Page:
RA/CVP Waveform Interpretation

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Central venous pressure (CVP) or right atrial pressure (RAP) waveform tracings can often times provide useful insight about a patient’s right ventricle (RV), tricuspid valve (TV), and overall cardiopulmonary status. The waveform morphology is easier to identify at slower heart rates and consists of three waves and two descents:

  • ‘a’ wave (RA contraction at end diastole): lost in atrial fibrillation/flutter due to disorganized atrial activity. ↑ in pathologies that impede forward flow like tricuspid/pulmonic stenosis and pHTN. Classic “cannon waves” caused by RA contraction against a closed TV causing reflection wave back into RA (junctional rhythm, V-tach, third degree block)
  • ‘c’ wave (TV cusps bulge into RA during early systole): c-v wave fusion and blunting of ‘x’ descent with TR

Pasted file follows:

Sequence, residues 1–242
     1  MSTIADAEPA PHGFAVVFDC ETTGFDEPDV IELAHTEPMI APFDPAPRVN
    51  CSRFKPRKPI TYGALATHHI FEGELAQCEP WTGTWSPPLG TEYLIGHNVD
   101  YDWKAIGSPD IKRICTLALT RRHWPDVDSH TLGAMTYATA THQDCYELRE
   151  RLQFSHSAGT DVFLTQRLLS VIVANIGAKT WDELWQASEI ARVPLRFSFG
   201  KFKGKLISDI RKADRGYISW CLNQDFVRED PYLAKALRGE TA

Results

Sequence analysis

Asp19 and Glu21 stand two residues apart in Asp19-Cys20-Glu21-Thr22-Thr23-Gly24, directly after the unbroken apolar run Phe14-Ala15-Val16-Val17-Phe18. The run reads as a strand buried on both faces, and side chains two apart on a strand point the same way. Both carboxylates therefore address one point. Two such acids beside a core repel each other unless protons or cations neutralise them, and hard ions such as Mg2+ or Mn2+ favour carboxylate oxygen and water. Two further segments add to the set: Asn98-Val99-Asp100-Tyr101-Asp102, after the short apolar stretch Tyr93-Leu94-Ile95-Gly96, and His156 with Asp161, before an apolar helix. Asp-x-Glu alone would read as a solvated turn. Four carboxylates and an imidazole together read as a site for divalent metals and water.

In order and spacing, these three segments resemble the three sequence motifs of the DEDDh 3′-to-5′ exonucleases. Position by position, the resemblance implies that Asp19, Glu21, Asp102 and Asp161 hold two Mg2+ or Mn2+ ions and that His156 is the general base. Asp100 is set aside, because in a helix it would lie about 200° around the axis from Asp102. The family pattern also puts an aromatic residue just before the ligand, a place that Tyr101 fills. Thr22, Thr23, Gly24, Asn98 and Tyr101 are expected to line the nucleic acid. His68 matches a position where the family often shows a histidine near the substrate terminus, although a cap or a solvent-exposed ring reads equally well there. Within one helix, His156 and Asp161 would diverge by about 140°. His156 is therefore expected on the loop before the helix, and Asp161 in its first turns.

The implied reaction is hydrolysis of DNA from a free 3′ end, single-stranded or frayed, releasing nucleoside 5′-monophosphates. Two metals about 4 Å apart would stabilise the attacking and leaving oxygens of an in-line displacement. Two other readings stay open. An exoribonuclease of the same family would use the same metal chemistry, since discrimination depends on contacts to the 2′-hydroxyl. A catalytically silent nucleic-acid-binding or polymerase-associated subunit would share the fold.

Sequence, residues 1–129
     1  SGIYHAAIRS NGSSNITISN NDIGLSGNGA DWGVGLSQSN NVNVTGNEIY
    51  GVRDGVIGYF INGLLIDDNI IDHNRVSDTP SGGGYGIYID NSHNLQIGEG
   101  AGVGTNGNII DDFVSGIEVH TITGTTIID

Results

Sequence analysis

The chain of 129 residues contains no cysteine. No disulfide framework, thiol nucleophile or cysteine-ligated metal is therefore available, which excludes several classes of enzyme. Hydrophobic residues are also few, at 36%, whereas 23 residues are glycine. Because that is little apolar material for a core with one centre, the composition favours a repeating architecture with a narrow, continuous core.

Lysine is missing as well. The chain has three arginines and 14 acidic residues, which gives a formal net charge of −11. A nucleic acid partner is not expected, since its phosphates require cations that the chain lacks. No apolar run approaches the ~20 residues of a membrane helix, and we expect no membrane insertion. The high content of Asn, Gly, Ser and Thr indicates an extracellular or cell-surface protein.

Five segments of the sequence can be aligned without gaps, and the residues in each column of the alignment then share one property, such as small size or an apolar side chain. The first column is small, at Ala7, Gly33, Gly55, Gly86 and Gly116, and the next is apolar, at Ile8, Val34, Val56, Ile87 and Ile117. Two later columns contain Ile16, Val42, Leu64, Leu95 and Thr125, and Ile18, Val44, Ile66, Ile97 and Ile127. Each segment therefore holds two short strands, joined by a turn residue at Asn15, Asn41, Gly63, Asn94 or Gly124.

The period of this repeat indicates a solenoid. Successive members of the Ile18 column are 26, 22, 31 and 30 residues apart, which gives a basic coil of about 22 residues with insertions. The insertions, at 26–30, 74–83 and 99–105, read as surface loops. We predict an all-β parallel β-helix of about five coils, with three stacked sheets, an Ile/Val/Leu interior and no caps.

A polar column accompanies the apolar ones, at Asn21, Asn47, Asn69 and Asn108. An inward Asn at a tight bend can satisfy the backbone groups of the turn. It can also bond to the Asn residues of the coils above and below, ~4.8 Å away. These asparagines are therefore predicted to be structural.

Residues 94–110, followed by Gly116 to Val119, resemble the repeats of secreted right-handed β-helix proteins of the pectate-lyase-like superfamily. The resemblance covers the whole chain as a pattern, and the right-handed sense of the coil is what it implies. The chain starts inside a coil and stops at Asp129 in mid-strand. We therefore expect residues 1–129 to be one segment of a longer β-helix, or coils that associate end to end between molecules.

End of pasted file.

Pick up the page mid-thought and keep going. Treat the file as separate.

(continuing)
• ‘x’ descent (RA relaxation in mid systole): ↑ in constrictive pericarditis (CP), ↓ with TR (jet ↑ RAP) and RV dysfunction due to ↓ downward movement of RV
  • ‘v’ wave (rapid filling of RA in late systole). ↑ in TR from regurgitant jet ↑ RAP. Similar tracings obtained for LEFT atrial pressures (↑ ‘v’ wave with mitral regurgitation). Success of mitral valve repair (ie, MitraClip) can be partly gauged by ↓ in ‘v’ wave.
  • ‘y’ descent (rapid RV filling in early diastole) Steep ↑ with constrictive pericarditis and ↓ with tamponade (↓ RV filling from ↓ caval inflow).

Drop me a comment with your thoughts and questions!


  1. Hi! I’m a critical care nurse in Toronto, Canada and I’m wondering if I can use your diagram/infographic to help supplement the information about PA line tracings our new hires have to learn?

    Thanks so much for all the teaching that you do!

    • Hello Flavia! I’d consider it a great honor if you use this diagram for such a purpose. Thank you in advance, and please let me know if you or your new hires have questions! 🙂

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